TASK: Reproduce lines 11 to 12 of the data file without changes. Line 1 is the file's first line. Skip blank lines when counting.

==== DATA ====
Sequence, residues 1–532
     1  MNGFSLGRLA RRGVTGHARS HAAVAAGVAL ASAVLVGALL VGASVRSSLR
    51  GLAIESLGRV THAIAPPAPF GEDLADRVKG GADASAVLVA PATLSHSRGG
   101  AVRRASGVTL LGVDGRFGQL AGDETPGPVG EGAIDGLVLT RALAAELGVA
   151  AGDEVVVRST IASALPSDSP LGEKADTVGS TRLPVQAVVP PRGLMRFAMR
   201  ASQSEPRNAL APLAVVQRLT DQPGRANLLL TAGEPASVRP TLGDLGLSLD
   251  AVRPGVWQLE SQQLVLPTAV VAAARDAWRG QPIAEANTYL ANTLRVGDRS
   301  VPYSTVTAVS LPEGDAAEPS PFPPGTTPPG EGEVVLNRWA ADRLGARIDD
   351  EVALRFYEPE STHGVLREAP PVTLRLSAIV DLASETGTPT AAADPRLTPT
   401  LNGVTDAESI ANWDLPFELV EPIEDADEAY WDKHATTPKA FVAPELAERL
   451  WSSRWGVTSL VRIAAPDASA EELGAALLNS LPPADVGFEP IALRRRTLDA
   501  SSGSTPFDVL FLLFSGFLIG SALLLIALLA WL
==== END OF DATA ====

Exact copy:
   451  WSSRWGVTSL VRIAAPDASA EELGAALLNS LPPADVGFEP IALRRRTLDA
   501  SSGSTPFDVL FLLFSGFLIG SALLLIALLA WL